8) A key problem in the UK has been the snobbery against vocational qualifications. It is impossible to legislate against such snobbery and there is a sense that certain professions should not be graduate professions. However, for the benefit of the country we need to raise standards and introducing degree level requirements is an aspect of this. I would advise the revival of BEd. and BA QTS degrees to allow people to go direct into teaching. I would advise the creation of other specialist degrees such as those for nursing. Rather than having all universities chasing after classic subject areas, we should laud the fact that 50 of the staff animating 'Avatar', including the lead animator, were graduates of Bournemouth University, the largest number drawn from any UK or US university. Combined with having technical and working representatives on company boards, slowly we might be able to reduce this unhealthy snobbery against vocational qualifications. It must be noted that they should not become simply training courses for specific companies but allow students who take them to be flexible.
9) No-one would be permitted to own more than one media resource, for example, only 1 newspaper or 1 national radio channel or set of combined radio channels covering Britain or 1 set of television channels if there are 5 or less channels in the set. News International could either own the Sky television channels or one of the newspapers they currently own. Virgin Media, for example, would not be permitted to buy any newspapers. Owners of media resources would preferably be a consortium rather than an individual. Anyone in the consortium could be a foreigner, but they must be resident in the UK and being paying UK tax or have to give up their control of the media resource.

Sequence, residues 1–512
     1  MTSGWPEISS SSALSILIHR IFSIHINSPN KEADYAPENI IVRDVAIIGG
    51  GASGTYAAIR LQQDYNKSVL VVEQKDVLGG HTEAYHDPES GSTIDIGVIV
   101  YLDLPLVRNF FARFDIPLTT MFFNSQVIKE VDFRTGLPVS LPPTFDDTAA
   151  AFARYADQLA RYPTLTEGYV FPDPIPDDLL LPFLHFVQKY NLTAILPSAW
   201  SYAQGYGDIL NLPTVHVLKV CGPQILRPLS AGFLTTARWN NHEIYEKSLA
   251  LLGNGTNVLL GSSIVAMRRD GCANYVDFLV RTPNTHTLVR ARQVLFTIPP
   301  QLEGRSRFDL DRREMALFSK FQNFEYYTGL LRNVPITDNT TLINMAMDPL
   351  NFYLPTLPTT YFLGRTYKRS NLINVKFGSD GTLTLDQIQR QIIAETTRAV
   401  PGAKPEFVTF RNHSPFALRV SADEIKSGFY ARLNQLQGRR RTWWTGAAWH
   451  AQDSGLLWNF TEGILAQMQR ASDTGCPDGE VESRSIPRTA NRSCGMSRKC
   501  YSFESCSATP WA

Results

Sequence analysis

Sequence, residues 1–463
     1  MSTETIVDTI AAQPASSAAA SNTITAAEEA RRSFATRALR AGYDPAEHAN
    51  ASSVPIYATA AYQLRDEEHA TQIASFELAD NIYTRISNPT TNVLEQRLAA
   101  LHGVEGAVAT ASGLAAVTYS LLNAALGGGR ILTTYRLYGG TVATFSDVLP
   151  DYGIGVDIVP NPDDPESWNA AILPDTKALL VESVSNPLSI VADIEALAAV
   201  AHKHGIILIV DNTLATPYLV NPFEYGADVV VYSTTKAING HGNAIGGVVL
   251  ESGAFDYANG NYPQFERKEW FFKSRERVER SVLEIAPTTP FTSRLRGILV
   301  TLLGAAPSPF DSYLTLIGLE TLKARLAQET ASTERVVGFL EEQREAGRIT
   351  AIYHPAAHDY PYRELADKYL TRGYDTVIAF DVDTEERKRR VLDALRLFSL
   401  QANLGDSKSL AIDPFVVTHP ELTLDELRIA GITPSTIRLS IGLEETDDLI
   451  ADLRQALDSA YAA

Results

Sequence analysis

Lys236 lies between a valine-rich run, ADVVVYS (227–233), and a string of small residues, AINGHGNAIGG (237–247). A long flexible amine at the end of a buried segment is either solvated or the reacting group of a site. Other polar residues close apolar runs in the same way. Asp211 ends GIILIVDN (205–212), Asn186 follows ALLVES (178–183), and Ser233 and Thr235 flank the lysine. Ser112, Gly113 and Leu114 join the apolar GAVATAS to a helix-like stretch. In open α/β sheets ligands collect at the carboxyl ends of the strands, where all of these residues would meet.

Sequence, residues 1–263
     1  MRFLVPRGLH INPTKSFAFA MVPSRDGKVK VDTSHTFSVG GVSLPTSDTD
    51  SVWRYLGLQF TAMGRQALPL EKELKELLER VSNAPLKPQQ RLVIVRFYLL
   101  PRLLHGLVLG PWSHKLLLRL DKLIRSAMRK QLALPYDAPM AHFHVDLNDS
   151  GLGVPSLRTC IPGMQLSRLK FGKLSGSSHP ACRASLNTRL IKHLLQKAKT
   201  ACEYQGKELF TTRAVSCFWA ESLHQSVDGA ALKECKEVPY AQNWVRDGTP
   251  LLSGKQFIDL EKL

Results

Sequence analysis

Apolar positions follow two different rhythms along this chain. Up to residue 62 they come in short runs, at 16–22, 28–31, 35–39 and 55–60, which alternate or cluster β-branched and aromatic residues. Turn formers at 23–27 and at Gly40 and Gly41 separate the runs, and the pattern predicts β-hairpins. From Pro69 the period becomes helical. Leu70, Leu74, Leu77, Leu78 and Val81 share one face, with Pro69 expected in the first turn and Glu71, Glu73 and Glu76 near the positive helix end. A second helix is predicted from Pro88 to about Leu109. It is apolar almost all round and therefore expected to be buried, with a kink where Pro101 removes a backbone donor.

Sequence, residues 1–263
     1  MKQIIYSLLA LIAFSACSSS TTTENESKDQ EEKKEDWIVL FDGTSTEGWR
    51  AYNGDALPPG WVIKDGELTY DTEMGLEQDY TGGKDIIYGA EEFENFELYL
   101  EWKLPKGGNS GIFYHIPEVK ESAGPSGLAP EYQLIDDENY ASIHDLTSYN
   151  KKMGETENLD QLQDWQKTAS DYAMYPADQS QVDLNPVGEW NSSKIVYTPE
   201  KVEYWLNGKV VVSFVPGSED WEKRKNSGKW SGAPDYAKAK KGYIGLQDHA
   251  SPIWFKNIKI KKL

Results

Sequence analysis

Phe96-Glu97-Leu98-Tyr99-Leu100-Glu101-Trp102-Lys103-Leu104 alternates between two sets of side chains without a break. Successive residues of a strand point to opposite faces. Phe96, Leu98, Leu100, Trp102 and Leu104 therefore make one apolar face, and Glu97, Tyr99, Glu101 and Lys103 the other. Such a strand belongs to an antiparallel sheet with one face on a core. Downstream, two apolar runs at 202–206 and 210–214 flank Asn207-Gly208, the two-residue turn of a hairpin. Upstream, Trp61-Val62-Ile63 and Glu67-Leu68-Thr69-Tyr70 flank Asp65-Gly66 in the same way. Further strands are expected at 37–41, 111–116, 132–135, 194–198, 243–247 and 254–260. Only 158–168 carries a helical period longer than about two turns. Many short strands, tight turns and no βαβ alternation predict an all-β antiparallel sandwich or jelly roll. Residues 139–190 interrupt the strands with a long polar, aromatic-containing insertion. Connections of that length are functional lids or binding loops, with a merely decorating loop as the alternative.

10) The licence fee for the BBC services would continue to rise as it has done over the past decade.
I expect many of these policies will be unpopular with commentators, but they are as legitimate in their conception as the policies being driven through by the current government, which, in my view will harm the UK for decades to come and bring so much suffering to the British people now and in the future. My policies seek a re-balance back towards the rights of ordinary people to live their lives and be judged on their abilities and how they behave not on the basis of what bed they were born in. In addition, I feel, that whilst retaining the identity of Britain, these policies would help it get out of being fixed in the past and instead become a modern country suited to tackling the challenges of the future, rather than constantly harping on peculiarities of the past as if they were glories of today.